It’s amazing how much of what our bodies do is automatic; messages sent out from the brain to limbs, organs, and muscles enabling us to walk, breathe, drink and talk. Now try to imagine a world in which these activities required conscious control. This is the situation in which you find yourself in Manual Samuel.
The game has a low-fi cartoon aesthetic not unlike popular Adult Swim cartoons such as Rick and Morty. This look is accompanied by modern meme-influenced humour that takes pot-shots at millennial life and is largely conveyed through onscreen hashtags that pop up with great frequency. These can be triggered by anything from taking a shower to successfully controlling a giant mecha suit. It’s in the variety of bizarre situations that Samuel encounters that the game really shines as he manages to have the most eventful twenty-four hours this side of Ferris Bueller’s Day Off.
Samuel is introduced as a silver-spoon douche, ignoring his girlfriend in a hipster cafe until she snaps and knocks him out with a bottle. It is here that you first take control as you must learn how to walk through alternate trigger button presses. This beginning sets the tone for the rest of the game, as increasingly more complex scenarios are introduced which Samuel must navigate whilst still manually controlling walking, breathing and blinking.
Not blinking slowly causes the screen to white out while the overbearing narrator entreats you to blink, whereas failing to correctly alternate Samuel’s legs results in a weird ground humping animation that amuses the first few times you see it. It is this initial amusement that maintains you through the inevitable repetition that the game mechanics produce. How far this will take you through the game will depend on your patience and how many times you can bear to hear the same sardonic soundbites.
After successfully navigating the game’s prologue, Samuel is hit by a sewage truck and killed. It is here that the game really begins as he meets Death, depicted here as an annoying teenage wannabe failing to pull off a kickflip. Death makes a deal with Samuel, the terms of which are that he must survive a day with a handicap of Death’s choosing. This day involves Samuel getting ready, driving to his day job, working and then dealing with the fallout of a workplace accident. Suffice it to say that this does not mean filling in a risk assessment form. It is difficult to describe much more of what happens in the game without spoiling it.
The mechanics of the game are the polar opposite of the single button endless runners that are so popular on mobile devices. There are buttons assigned for each limb, one for blinking and ones for breathing in and out. All of these functions must be carried out throughout the game, whilst each level also introduces specific tasks that add extra layers of complexity to the controls.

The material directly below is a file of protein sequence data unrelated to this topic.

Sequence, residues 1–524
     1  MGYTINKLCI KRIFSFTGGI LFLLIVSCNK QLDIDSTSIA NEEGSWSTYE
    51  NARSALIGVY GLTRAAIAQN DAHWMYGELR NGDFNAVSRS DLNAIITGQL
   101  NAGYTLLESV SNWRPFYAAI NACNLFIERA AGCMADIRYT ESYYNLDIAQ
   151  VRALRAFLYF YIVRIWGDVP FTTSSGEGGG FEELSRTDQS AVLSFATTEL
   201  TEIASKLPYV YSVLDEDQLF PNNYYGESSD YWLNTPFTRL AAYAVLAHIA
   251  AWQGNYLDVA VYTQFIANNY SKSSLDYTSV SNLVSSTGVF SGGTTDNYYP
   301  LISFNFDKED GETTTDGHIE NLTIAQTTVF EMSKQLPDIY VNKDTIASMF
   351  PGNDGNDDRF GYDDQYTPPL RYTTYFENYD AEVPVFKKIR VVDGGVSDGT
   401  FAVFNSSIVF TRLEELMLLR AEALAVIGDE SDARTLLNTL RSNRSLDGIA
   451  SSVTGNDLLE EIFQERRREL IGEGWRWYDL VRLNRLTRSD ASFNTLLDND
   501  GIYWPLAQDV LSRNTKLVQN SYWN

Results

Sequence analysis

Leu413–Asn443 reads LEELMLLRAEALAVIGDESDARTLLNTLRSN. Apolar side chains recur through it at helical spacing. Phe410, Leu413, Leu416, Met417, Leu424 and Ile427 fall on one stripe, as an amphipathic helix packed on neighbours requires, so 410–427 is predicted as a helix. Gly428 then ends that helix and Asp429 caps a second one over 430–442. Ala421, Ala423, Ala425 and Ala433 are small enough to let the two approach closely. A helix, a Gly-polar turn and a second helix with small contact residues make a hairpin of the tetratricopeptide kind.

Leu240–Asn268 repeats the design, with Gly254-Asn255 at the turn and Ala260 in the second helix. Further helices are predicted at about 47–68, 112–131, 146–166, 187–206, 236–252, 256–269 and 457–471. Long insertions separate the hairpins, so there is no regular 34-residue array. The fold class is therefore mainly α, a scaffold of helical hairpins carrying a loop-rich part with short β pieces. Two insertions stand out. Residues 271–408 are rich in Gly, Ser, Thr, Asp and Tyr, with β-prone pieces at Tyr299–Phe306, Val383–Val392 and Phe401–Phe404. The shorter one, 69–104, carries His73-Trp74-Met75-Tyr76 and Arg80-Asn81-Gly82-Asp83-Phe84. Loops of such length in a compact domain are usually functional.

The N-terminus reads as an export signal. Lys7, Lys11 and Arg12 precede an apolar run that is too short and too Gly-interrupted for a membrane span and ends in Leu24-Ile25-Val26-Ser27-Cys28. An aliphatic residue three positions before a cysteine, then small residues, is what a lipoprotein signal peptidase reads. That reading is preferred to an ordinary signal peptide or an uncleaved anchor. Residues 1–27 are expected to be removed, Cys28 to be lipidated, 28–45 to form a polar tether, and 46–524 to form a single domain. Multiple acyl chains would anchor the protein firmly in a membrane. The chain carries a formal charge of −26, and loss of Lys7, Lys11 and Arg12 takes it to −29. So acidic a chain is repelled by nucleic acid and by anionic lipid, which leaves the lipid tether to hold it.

The initial level works well at introducing the general mechanics as you must shower, dress and have breakfast before leaving for work. Simple activities such as brushing your teeth are rendered far more complicated by the controls, and it is easy to make mistakes that result in either dropping the toothbrush or having a coughing fit from breathing in with a mouthful of water. The fact that there is a trophy for managing to use the toilet without missing the bowl perhaps best sums up the challenges of this level.
Truly funny games are a rarity. Outside of the classic Lucasarts adventures, most attempts at videogame humour do little more than provide a meta-commentary on playing games whilst usually repeating the gameplay clichés that are being highlighted. It is obviously difficult to objectively classify something as funny, but I laughed a lot during my time with Manual Samuel.
That being said, I also found several sections incredibly frustrating – a feeling that was not helped by the overly repetitive narrator. In one sequence towards the end of the game, my frequent inability to successfully carry out a parry was met by the same pithy quote to the point of tedium. Given the deliberately obtuse controls, such a result is likely and it’s a shame that there was not more variation in the game’s responses to bad play.
Once completed, there is a time attack mode to encourage replaying sections free from the narrative framework. The gold medal targets in particular are hugely challenging and there is great potential for impressive speedrunning for those with the dedication and dexterity. There is also local coop play in which each player takes one half of Samuel’s body and you must communicate to successfully alternate legs whilst walking and time breathing in and out. That being said, I found that replaying with full knowledge of what was about to happen took a lot of the fun out of the experience.
More than most games, I would urge potential purchasers to watch the trailer and see whether the sense of humour in this game appeals before buying. It is a lot of fun while it lasts and it provides a really interesting alternative to the increasingly automatic and cinematic fare of many AAA games, but it’s not for everyone. I can’t think of many more niche games than Manual Samuel, but it’s great that such projects still exist.
Version Tested: PS4